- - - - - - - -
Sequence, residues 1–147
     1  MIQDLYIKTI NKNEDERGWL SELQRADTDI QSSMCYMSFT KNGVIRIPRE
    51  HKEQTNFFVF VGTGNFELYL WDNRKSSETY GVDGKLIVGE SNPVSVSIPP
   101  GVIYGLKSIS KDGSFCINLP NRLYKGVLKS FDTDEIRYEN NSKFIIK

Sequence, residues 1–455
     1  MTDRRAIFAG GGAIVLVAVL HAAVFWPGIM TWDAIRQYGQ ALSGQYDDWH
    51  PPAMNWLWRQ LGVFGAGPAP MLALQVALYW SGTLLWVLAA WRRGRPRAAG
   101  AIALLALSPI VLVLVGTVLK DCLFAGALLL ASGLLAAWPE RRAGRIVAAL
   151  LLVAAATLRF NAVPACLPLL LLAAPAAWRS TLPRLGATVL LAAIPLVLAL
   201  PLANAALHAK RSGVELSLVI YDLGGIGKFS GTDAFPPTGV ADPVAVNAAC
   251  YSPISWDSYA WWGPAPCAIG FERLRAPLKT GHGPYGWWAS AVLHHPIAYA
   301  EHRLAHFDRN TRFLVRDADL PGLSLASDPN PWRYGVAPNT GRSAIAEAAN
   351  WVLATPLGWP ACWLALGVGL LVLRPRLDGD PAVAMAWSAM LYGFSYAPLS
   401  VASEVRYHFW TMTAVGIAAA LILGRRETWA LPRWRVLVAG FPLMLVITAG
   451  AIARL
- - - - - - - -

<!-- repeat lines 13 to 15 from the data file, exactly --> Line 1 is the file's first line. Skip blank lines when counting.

   351  WVLATPLGWP ACWLALGVGL LVLRPRLDGD PAVAMAWSAM LYGFSYAPLS
   401  VASEVRYHFW TMTAVGIAAA LILGRRETWA LPRWRVLVAG FPLMLVITAG
   451  AIARL